How Do I Plan for the Future?

While it’s nice to hope and wish for things, hopes and wishes are not reality. Many are holding onto hope that an end to this pandemic will be in sight soon — and while hope is good, hope is not always logical. Some of this hope could stem from misinformation and rumors over whether or not things will improve by fall. Instead of assuming that everything will be resolved in this timeframe, it’s a better idea to prepare for the long term — to not think in weeks or months, but possibly even years. Preparing this way will help you avoid disappointment when or if something does not improve in a week or a month.

Think Long-Term

Certainly, a day-to-day philosophy to meet goals is a valid approach. However, these goals should be building to sustain a long-term effort. In the case of COVID-19, you might want to believe the news that makes you feel better. But it’s smart to ask yourself, does this news have any truth behind it? What are their sources? What are their agendas? You cannot rely on various news outlets or the whims of anybody with power and a platform to provide meaningful information.

It might be a nice thought to think a miracle will happen, but you should be actively planning for a scenario where the miracle does not happen for a couple of years. This will not only serve your recovery during these trying times, but it will create a person within who can practice logical thinking and maintain recovery in any situation.

Don’t Associate These Times With Disappointment

The first way to go about facing the reality of the current situation is to adjust your mindset rather than feeling like you are destined to face constant disappointment — not just disappointment in your recovery, but in the efforts of those working on a solution to the current problem around you. Do not take it personally when things do not go your way. Instead of choosing to feel disappointed, view this as a new chapter.

Certainly, hindsight is 20/20, but try to realize there are opportunities for growth during this period. Since most norms have transformed, you can, too. Maybe it comes in the form of a new job opportunity, or maybe you develop those artistic skills you’ve always wanted to. Just because this might last a while doesn’t mean you have to sweat it out until your imagined scenario of a resolution comes true. Instead, use this as an opportunity to thrive.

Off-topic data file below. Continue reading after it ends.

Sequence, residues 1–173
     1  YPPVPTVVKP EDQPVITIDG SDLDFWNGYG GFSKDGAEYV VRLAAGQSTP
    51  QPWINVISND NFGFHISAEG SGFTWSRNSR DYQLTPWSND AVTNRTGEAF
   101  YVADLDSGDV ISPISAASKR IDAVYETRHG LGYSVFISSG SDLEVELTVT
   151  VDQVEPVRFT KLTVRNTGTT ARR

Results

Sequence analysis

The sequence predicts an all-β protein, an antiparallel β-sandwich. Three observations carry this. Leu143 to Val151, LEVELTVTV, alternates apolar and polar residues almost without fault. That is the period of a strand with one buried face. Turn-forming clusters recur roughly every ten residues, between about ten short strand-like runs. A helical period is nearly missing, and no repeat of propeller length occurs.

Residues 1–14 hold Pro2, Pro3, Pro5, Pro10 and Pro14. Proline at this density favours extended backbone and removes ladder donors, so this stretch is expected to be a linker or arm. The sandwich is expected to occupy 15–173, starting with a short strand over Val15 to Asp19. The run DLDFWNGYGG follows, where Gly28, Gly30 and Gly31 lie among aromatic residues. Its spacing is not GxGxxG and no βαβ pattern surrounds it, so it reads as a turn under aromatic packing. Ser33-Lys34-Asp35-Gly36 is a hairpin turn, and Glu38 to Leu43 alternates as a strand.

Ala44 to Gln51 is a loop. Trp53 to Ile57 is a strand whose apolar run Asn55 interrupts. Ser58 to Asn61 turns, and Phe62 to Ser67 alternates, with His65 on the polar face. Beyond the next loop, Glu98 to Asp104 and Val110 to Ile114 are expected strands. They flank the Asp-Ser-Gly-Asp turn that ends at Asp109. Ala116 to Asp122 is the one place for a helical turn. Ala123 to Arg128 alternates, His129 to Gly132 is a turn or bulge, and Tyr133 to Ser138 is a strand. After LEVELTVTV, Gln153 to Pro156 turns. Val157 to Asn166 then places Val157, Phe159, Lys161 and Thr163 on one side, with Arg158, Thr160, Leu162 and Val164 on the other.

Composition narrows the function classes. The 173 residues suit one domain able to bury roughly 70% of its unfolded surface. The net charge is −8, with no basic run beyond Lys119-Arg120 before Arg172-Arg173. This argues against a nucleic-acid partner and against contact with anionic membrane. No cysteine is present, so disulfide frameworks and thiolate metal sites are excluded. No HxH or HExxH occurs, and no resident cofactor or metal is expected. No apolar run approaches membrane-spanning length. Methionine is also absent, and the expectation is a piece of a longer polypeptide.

Obstacles Will Occur

Disappointment is always harder to accept when you are not expecting it. This could be due to having unrealistic expectations. Likewise, expecting that a problem could occur is not negative thinking — it is just realistic. Never think in terms of wrong or right when expressing your expectations.

For example, instead of thinking that something will go wrong, tell yourself that obstacles will occur. Not only is this realistic and rational thinking, but this kind of thinking will help maintain optimism. There will be challenges and setbacks, but it’s ultimately about reaching the goal. So long as you work toward your goal, you are on the right path.

Create a Plan

Do not ignore what you are feeling when things do not go your way. While you can expect obstacles to occur, you will want to have a plan in place to help you manage your emotions and keep you in control. A plan could include a support group or friend to call on when you are feeling triggered. You could also increase your interactions with friends and family, and be open about what you are feeling.

They will certainly empathize given that they might be experiencing similar emotions. Keep a notebook or journal to track your progress, so you can write down when you feel triggered or when a craving comes on. This type of preparedness will give you a safe recovery space that should make you feel comfortable, accessible, and surrounded by friends and family who support you.

Accept Where You Are

There are some things that are just out of your control. Accept that even though there are vaccine trials being given, realistically, even if a vaccine were discovered tomorrow, it might still take another year or more before it becomes available. Keep an open mind, continue to practice safety protocol, and know that by being patient now, you are doing your part to improve the speed of resolution. It just might take longer than you hoped for. Focus on your recovery and practice activities that serve your physical and mental health.

When you choose to ignore the reality of what is happening around you, you are succumbing to denial. This denial could lead to negative thoughts and eventually negative behaviors. If you feel like you have lost control of your recovery, True Recovery can help. We provide 24/7 care and will do everything we can to get you healthy again. To learn more, call us at (866) 399-6528.